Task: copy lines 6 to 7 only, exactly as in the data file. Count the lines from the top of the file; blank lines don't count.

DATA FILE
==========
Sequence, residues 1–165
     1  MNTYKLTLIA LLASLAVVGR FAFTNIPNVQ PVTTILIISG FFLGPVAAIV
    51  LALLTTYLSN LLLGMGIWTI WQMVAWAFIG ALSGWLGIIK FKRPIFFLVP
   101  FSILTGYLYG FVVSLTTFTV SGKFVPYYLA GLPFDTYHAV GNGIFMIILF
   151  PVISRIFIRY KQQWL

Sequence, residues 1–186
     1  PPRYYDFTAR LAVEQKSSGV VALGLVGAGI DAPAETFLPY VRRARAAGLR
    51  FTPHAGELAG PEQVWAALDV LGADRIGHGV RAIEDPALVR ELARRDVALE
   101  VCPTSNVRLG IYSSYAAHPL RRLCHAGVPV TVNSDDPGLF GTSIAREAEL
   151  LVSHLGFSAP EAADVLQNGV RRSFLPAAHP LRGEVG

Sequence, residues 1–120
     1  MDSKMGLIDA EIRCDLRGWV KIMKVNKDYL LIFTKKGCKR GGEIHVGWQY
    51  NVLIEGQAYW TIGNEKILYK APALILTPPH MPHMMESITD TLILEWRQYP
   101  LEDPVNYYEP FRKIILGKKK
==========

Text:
Sequence, residues 1–186
     1  PPRYYDFTAR LAVEQKSSGV VALGLVGAGI DAPAETFLPY VRRARAAGLR